The plan, code named Unternehmen Seelöwe ("Operation Sealion"), was submitted by the OKW (Oberkommando der Wehrmacht or "High Command of the Armed Forces") and was scheduled to take place in mid-September 1940. Seelöwe called for landings on the south coast of Great Britain, backed by an airborne assault. Neither Hitler nor OKW believed it would be possible to carry out a successful amphibious assault on Britain until the RAF had been neutralised. Raeder believed that air superiority might make a successful landing possible although it would be a very risky operation and required "absolute mastery over the Channel by our air forces".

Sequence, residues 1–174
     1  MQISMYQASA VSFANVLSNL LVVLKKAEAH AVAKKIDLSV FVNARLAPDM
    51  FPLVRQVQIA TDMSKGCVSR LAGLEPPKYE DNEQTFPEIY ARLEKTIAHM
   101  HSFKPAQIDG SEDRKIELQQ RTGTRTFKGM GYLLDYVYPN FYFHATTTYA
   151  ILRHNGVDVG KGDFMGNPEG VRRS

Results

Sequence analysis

Conversely Grossadmiral Karl Dönitz believed air superiority was "not enough". Dönitz stated, "we possessed neither control of the air or the sea; nor were we in any position to gain it". Some historians, such as Derek Robinson, have agreed with Dönitz. Robinson argues that the massive superiority of the Royal Navy over the Kriegsmarine would have made Sealion a disaster and the Luftwaffe would have been unable to prevent decisive intervention by British cruisers and destroyers, even with air superiority.